Margaret Braxton

Managing Director, Payer Strategy and Regulatory Research

CMS Strengthens Primary Care in 2024

Medicare Physician Fee Schedule while Specialists see Relative Cuts

On November 2, CMS issued the Medicare Physician Fee Schedule (MPFS) final rule for Calendar Year (CY) 2024, cementing policies first introduced earlier this year. The payment rule sets payment rates for physician offices, hospitals, ASCs, laboratories, and other care settings by establishing both the payment conversion factor and the value of each procedure billed to Medicare. The rule also makes adjustments to Medicare value-based care programs, i.e., the Quality Payment Program and the MeritBased Incentive Payment System (MIPS).

For payment calculations, CMS finalizes the methodology used to reimburse Medicare payment for doctors and physicians each year, including legislative requirements. In 2024, federal law requires a negative 1.25% payment adjustment in addition to the standard budget neutrality adjustment applied each year, which results in a new conversion factor that is 3.37% lower than 2023. The conversion factor is multiplied by the relative weight of each service code billed by physicians including time and medical decision-making, practice expenses, and malpractice expenses to determine payment. The 2024 conversion factor continues a long-term trend in declining physician payments that was temporarily reversed by Congress during the pandemic. Driving these changes are requirements that CMS must balance the payments for all Current Procedural Terminology (CPT) codes to be neutral to the overall Medicare budget, which was greatly affected by the addition of a new office visit add-on code. The effect on doctors is a gap between healthcare inflation, measured by the Medicare Economic Index (MEI), and actual Medicare reimbursement. The MEI is projected to increase 4.6% in 2024 compared to 2023, as advocacy groups continue to point out that budget neutrality translates into cuts when compared to year over year trends for labor and supplies costs.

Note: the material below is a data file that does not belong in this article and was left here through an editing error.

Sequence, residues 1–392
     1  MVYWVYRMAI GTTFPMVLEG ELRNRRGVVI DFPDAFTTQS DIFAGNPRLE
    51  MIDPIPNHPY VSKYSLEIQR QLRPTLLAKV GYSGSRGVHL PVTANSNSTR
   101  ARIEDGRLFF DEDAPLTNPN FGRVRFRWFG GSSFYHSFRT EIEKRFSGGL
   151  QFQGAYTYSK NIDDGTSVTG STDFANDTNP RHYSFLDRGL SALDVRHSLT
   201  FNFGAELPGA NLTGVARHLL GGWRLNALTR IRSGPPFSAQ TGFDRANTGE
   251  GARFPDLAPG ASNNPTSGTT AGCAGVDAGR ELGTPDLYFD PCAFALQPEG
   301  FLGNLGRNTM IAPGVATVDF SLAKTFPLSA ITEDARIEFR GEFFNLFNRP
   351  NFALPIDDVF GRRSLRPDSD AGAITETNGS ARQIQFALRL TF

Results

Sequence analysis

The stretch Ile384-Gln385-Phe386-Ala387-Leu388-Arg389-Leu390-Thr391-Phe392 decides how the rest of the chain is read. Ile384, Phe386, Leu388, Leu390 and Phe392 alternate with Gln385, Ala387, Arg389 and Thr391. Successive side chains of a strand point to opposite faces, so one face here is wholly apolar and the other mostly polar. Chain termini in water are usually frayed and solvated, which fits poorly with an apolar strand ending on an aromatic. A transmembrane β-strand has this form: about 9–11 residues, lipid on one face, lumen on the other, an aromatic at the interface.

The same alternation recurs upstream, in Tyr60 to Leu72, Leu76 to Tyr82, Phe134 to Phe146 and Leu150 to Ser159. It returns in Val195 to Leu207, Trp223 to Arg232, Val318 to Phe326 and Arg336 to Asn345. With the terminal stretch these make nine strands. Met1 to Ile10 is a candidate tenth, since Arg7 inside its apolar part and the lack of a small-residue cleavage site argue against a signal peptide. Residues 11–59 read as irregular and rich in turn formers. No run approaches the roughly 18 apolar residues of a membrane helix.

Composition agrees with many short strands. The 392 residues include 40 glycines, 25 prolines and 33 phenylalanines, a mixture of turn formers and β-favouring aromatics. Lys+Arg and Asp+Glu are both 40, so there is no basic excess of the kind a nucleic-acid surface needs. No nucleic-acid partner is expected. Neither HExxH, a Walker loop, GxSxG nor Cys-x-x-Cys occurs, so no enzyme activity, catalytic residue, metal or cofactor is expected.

There are a multitude of coding changes that CMS makes each year through the MPFS when re-evaluating the time and effort spent by clinicians for performing each service, known as Relative Value Units (RVUs). For CY 2024, CMS is emphasizing primary care by introducing an evaluation and management (E&M) add-on code for patients seen for ongoing general health services and complex conditions. This year, CMS determined that ~38% of office visits require additional value in the resources required to care for patients with complex, chronic conditions and created the add-on code G2211 to account for this time spent on patients. CMS estimates that based on their updated utilization estimates, the redistribution for other payments caused by adding this code will be lower than originally expected, which had caused Congress to delay its implementation in 2021 due to the high impact to other specialties. Surgery groups continued to oppose the introduction of this code because of the downstream impacts to payments in other, non-office care settings. Looking at the total impact of RVU changes across different specialties, CMS estimates the combined impact of changes made in the MPFS each year based on the most commonly used codes by provider type and the total allowed charges:

Table 1: Total Financial Impact of 2024 Coding Changes for Select Provider Specialties